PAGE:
brown bears varies with the level of dietary protein, with minimal costs ranging from
20-40% dietary protein.
Learning of Diet Mixing
As has been shown in most mammals, brown and
black bear cubs learn what food sources to use and how to use them primarily from their
mothers and secondarily from peers. For the first two to three years of a bear's
life cubs follow their mother while she forages and fishes for salmon, imitating her and
consuming what she chooses. During these initial years, bears learn to feed on
salmon, terrestrial meat, forbs, and berries.
After the initial years with the sow, subadult
bears, three to five years of age, often travel in small groups. During this period
they have many new experiences, trying to learn where they fit into the social system, and
learn from their peers. Subadults play with each other, learning how to fight, which
is vital for survival. As they age and approach sexual maturity, bears become
solitary with the exception of breeding season.
After brown and black bears are full-grown they
are primarily solitary, continuing to learn from individual experience. Males wander
until they are large enough to establish their own territory, normally encompassing female
territories, in order to breed. During this time, male brown bears learn to avoid
dominant males to survive. Adult male and female black bears learn to avoid food
sources that are occupied by brown bears, therefore, black bears often only use salmon
streams when brown bears are absent.
Although food abundance and social structure
determines a large part of what a food is available to bears, they also make decisions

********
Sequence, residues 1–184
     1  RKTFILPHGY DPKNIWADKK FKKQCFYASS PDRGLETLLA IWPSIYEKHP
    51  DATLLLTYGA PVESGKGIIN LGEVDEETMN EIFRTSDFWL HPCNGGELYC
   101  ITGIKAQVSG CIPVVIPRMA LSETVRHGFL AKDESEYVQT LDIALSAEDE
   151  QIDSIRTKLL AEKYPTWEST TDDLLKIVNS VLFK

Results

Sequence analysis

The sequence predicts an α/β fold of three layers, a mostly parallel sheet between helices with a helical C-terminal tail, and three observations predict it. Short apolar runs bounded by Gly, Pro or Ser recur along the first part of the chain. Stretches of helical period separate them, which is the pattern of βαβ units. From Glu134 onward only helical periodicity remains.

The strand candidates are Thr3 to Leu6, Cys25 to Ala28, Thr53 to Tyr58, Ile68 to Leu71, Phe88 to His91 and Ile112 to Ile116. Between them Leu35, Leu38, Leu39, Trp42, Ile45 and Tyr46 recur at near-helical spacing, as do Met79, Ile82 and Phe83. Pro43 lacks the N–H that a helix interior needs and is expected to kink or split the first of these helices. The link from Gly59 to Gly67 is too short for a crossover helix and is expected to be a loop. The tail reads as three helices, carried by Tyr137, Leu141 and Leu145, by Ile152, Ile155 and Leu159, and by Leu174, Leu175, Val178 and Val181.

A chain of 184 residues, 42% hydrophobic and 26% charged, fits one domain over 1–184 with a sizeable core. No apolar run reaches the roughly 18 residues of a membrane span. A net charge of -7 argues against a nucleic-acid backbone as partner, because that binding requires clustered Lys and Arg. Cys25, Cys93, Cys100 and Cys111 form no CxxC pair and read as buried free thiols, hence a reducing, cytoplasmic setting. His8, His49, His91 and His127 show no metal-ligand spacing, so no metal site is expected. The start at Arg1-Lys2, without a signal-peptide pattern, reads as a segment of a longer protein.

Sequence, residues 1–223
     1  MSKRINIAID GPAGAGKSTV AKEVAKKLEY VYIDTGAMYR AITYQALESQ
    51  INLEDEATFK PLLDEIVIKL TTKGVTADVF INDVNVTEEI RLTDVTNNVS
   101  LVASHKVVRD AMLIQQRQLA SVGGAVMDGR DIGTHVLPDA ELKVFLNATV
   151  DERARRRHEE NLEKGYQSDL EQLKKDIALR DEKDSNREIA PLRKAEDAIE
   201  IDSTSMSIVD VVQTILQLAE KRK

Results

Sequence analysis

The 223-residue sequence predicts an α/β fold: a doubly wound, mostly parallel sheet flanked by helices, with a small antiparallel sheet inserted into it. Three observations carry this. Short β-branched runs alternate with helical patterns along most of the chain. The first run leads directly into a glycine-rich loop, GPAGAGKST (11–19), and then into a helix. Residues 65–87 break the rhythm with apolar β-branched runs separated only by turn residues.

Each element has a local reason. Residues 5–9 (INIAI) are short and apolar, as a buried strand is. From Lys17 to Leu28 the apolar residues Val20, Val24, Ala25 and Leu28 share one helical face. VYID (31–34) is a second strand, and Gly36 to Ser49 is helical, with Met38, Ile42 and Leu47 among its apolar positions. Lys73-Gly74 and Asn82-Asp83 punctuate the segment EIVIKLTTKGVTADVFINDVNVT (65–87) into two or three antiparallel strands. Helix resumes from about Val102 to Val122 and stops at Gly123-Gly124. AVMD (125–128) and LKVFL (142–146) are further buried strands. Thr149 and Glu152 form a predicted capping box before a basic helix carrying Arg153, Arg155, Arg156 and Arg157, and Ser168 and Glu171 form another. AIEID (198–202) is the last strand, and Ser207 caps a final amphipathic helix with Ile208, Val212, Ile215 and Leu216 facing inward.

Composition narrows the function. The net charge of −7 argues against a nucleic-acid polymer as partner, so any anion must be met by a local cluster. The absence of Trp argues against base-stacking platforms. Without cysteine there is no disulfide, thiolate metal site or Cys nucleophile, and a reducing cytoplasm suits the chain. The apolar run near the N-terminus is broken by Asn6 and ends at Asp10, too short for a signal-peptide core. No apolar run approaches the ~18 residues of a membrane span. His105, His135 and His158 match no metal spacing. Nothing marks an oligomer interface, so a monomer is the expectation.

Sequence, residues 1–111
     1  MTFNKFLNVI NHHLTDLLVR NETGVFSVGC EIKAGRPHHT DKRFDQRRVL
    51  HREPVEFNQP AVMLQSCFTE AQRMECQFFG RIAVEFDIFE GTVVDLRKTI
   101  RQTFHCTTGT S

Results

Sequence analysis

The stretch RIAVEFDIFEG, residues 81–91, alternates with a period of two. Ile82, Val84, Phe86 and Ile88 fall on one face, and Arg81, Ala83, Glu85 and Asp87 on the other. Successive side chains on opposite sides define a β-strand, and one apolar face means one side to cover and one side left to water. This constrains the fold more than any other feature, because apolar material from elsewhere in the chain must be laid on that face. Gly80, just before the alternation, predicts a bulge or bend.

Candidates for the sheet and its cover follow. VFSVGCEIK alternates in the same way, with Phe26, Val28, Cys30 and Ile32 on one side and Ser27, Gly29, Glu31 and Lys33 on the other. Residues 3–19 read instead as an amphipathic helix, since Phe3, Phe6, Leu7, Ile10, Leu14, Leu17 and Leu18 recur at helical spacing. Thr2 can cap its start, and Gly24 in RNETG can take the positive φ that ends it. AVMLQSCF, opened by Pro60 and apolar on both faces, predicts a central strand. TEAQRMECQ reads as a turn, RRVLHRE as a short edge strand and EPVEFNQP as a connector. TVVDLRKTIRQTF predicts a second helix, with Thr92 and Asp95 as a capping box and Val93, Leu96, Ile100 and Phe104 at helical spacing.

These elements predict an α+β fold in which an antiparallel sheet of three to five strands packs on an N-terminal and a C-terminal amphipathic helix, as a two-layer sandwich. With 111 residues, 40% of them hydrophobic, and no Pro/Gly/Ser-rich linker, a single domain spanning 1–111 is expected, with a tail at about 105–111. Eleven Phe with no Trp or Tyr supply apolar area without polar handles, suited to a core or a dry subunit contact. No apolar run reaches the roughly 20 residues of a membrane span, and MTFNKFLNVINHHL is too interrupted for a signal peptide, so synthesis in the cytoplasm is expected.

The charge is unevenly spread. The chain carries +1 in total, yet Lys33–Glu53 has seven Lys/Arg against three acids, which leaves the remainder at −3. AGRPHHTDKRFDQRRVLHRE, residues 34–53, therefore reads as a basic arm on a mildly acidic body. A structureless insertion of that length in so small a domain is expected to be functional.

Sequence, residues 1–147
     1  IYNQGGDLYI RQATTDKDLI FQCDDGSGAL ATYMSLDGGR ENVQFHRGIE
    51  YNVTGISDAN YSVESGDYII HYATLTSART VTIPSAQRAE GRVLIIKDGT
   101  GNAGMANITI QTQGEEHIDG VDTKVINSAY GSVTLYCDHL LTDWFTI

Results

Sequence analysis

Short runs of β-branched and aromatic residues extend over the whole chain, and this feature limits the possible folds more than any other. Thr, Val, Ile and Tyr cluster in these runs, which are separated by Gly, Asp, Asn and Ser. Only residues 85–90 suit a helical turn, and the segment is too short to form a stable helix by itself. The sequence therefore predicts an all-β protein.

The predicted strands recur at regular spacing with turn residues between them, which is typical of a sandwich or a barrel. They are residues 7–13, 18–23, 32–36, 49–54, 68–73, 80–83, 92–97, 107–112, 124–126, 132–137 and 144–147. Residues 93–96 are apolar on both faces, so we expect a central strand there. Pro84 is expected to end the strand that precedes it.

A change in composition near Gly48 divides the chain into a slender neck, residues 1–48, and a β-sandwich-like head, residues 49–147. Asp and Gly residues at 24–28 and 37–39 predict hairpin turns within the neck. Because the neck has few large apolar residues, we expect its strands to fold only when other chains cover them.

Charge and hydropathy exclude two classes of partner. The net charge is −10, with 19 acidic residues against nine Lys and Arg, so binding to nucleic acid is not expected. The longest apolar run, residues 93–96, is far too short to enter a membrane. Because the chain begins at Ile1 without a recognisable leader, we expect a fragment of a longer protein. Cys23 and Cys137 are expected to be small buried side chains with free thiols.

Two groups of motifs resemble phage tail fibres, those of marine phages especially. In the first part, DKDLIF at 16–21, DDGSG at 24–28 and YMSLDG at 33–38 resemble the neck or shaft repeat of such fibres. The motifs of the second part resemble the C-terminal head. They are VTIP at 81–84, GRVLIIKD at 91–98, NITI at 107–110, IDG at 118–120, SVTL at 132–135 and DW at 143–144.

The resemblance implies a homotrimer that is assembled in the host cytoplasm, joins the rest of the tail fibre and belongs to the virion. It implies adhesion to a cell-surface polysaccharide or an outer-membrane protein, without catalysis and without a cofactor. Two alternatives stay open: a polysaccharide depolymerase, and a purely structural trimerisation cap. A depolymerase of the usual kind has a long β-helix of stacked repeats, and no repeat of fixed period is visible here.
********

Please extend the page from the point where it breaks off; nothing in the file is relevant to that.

based on the innate ability to determine nutritional value. Animals receive positive
or negative feedback after consuming a food resource that leads to preferences and
aversions. The positive feedback brown bears receive may vary with the time of year
and the type of body mass gain needed. Brown bears need to add lean body mass when
they are growing and upon emergence from hibernation in the spring. Fat gain is
important in the fall period of hyperphagia, a period of increased food intake, for
survival through hibernation, especially for a female to support cubs.
Habituation of bears to humans on salmon streams can increase the number of
bear-human interactions. If anglers are irresponsible by fishing to close to bears
or are not storing their catches properly, bears will learn to associate humans with
salmon. The association of food with humans is a main cause of damage to life and
property by bears, which ultimately leads to bear fatalities. Ecotourism needs to be
properly managed with education for human users, to prevent unnecessary conflict.
Management often involves limitations of fishing locations to avoid prime areas of bear
use and proper regulations for bear encounters. Regulations may include not fishing
within a predefined distance of a bear, cutting the fishing line if a bear approaches a
hooked salmon, and storing any food in bear proof containers. All of these
approaches improve the safety of both humans and bears.
Avoidance can be a larger concern than
habituation because it may decrease the dietary nutrition of bears. Studies need to
take place to see if avoidance is occurring or if bears will adjust to human
presence. If bears will not fish where humans are located then it is important to
limit the time that humans spend on the salmon stream. In Alaska, where it is light
almost 24 hours a day in the summer, people tend to fish at all hours. Bears must be
given a certain amount of light with no human presence so that they can catch enough fish
to sustain themselves.